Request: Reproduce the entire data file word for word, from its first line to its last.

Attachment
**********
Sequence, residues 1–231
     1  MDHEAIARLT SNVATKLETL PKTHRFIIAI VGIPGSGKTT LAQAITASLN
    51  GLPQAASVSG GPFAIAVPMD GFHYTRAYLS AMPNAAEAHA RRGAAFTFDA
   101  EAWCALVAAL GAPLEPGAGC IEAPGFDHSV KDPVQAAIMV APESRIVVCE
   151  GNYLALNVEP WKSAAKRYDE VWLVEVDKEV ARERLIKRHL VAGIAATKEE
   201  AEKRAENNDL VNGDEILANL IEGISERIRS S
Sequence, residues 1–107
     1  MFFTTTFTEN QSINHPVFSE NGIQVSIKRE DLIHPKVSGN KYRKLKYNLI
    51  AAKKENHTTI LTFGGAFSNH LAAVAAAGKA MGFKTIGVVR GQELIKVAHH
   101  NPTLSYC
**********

Sequence, residues 1–231
     1  MDHEAIARLT SNVATKLETL PKTHRFIIAI VGIPGSGKTT LAQAITASLN
    51  GLPQAASVSG GPFAIAVPMD GFHYTRAYLS AMPNAAEAHA RRGAAFTFDA
   101  EAWCALVAAL GAPLEPGAGC IEAPGFDHSV KDPVQAAIMV APESRIVVCE
   151  GNYLALNVEP WKSAAKRYDE VWLVEVDKEV ARERLIKRHL VAGIAATKEE
   201  AEKRAENNDL VNGDEILANL IEGISERIRS S
Sequence, residues 1–107
     1  MFFTTTFTEN QSINHPVFSE NGIQVSIKRE DLIHPKVSGN KYRKLKYNLI
    51  AAKKENHTTI LTFGGAFSNH LAAVAAAGKA MGFKTIGVVR GQELIKVAHH
   101  NPTLSYC